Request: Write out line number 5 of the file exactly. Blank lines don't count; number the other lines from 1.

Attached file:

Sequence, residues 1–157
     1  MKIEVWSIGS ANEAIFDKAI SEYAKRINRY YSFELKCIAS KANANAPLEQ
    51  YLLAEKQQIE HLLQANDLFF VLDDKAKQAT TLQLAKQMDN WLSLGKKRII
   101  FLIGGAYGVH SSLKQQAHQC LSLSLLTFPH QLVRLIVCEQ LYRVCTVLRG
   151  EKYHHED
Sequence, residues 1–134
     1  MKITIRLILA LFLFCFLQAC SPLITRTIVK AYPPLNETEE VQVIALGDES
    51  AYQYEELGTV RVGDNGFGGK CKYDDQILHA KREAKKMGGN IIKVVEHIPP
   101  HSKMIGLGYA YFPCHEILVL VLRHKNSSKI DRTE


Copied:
   151  EKYHHED